For starters, Tommy Rees’ pre-snap reads are second to none on the team. He knows where his players are supposed to be, and lines them up accordingly. He is pretty good at identifying what defenses are going to do in advance, and has shown good capability and willingness to change the play at the line to get into something that works if he does not like what he is seeing. Many times last year he audibled into runs on key third downs and it paid off as he found where the holes in the defense would be.
And why were his audibles from passes to runs so effective? Plain and simple, because all he does is pass. Golson supporters will argue over and over that the blueprint for how to stop Tommy is out, and that you beat him by dropping 7 or 8 players into coverage and making him force throws. Defenses know that if they do not drop so many back, there is a good chance that Tommy leads a march down the field. But if they are going to just sit back, the Irish rushing attack is going to absolutely dominate this year. Teams will have to pick their poison whether to respect Tommy’s arm and drop guys back, or stack the box and let him throw wild.
Defenses will absolutely not respect Everett’s arm as a newcomer. Therefore teams will stack the box and really make him prove that he can beat them. Additionally, if teams DO drop 7+ guys into coverage on third down, Golson just isn’t ready to change the play the same way that Rees is.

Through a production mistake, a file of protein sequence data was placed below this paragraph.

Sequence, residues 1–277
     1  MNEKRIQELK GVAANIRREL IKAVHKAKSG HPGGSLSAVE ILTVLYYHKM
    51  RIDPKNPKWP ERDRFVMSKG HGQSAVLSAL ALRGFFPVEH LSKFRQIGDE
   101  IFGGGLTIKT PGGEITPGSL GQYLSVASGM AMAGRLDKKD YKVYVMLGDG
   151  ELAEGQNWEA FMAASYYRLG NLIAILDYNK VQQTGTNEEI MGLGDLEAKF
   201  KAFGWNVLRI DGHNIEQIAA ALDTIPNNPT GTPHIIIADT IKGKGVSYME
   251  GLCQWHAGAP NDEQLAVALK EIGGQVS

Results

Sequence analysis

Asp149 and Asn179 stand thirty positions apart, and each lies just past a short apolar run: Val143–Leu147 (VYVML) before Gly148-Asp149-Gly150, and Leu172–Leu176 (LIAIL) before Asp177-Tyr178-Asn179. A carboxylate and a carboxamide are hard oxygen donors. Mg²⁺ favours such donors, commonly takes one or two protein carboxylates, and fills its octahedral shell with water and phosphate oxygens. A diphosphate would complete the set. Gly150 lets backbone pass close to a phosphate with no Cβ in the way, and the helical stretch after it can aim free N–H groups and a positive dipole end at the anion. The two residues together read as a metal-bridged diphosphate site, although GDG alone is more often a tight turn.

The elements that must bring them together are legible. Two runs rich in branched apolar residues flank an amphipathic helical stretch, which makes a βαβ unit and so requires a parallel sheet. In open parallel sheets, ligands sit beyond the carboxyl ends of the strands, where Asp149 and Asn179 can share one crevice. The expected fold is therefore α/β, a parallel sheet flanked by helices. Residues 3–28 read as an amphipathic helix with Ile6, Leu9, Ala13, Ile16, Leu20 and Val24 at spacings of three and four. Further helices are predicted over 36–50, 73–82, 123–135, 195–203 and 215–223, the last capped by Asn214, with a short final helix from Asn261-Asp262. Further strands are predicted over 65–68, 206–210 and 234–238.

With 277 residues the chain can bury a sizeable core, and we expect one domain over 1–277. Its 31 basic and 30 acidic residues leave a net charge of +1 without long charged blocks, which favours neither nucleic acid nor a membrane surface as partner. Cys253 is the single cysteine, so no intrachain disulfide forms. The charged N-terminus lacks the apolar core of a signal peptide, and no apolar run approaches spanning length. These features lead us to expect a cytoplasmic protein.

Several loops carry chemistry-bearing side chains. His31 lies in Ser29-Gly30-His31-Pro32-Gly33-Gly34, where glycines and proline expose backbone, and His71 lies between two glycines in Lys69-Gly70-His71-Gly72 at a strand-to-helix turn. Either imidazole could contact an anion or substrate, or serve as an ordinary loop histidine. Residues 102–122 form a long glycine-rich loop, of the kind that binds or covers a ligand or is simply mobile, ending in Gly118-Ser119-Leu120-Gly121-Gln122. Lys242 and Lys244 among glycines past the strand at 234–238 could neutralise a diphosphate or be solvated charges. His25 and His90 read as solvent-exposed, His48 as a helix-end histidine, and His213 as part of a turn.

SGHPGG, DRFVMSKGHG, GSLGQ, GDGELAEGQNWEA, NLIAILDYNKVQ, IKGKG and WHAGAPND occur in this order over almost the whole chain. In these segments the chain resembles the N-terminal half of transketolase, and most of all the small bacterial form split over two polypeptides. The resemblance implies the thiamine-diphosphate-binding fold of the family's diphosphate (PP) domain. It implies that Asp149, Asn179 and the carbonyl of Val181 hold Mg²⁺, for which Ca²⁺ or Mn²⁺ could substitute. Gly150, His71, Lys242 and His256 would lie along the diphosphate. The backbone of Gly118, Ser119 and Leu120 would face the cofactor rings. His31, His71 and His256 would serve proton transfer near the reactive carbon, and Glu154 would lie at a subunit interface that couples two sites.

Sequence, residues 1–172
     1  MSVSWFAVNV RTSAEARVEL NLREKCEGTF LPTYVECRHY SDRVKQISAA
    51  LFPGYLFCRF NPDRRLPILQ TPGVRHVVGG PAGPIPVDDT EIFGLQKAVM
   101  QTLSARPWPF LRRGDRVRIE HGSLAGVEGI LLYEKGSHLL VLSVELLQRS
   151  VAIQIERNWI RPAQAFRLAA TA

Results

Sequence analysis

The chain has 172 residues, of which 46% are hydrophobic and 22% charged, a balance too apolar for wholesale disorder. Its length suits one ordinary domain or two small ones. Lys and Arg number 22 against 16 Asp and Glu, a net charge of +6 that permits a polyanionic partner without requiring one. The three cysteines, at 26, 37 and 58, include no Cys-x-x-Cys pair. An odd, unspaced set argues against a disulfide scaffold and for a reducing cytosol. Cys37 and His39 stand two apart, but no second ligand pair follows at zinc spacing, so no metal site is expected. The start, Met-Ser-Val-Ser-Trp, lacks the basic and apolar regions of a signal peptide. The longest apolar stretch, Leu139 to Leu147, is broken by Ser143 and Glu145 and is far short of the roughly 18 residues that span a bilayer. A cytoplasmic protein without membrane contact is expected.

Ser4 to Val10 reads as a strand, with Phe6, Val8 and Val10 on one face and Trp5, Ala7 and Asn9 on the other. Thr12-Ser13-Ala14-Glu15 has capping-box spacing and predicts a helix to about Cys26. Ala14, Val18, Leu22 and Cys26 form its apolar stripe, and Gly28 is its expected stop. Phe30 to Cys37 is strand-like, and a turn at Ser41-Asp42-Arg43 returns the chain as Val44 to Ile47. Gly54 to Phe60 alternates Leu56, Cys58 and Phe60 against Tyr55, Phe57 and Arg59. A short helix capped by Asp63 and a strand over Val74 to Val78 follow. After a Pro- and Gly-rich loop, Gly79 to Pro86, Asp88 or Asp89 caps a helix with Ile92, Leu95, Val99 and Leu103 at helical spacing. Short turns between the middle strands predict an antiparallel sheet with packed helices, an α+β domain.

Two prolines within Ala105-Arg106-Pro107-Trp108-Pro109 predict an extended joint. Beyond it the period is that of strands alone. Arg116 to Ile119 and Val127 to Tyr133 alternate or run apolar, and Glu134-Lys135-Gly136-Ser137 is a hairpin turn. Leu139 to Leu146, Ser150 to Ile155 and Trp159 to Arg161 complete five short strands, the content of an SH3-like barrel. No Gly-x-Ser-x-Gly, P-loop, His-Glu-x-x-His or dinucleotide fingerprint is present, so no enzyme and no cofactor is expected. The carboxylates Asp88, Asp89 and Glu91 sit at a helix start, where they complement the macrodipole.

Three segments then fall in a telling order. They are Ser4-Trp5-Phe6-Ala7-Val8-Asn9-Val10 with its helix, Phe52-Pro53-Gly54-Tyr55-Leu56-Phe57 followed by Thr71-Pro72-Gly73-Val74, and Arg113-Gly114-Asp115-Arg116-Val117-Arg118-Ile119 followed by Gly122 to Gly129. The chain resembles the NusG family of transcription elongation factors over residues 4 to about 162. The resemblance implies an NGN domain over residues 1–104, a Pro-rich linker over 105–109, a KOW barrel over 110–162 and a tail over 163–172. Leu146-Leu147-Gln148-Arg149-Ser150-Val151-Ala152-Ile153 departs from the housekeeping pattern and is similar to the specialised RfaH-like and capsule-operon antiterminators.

Absolutely, the presence of the running game is going to benefit the quarterback regardless of who is in. But Tommy Rees’ style, combined with the rushing attack, forces defenses to keep guessing. They are more likely to be exposed in bad schemes, because Rees’ pre-snap abilities allow him to take advantage of whatever he is facing.
(Bell Rings – End of Round 4 – We can attest both fighters are exhausted)
For the 5th & Final round the questions will take a completely different, fresher turn. Only so many times we can say Tommy is experienced and Golson is talented. It will be worth the final look.
Please continue judging the rounds for yourself below. It’s looking like it will go the full five.
|Steve Herring is the Editor-in-Chief of HerringBoneSports.com and also hosts TNNDN’s Down the Line. As the TNNDN Network President he acts as Executive Producer of four Notre Dame related shows.
Steve worked in broadcasting at Madison Square Garden Media and the Arena Football League. You can find all his articles and radio show links on this site.
Contact Steve on Twitter @HB_Sports or e-mail HerringBoneSports@gmail.com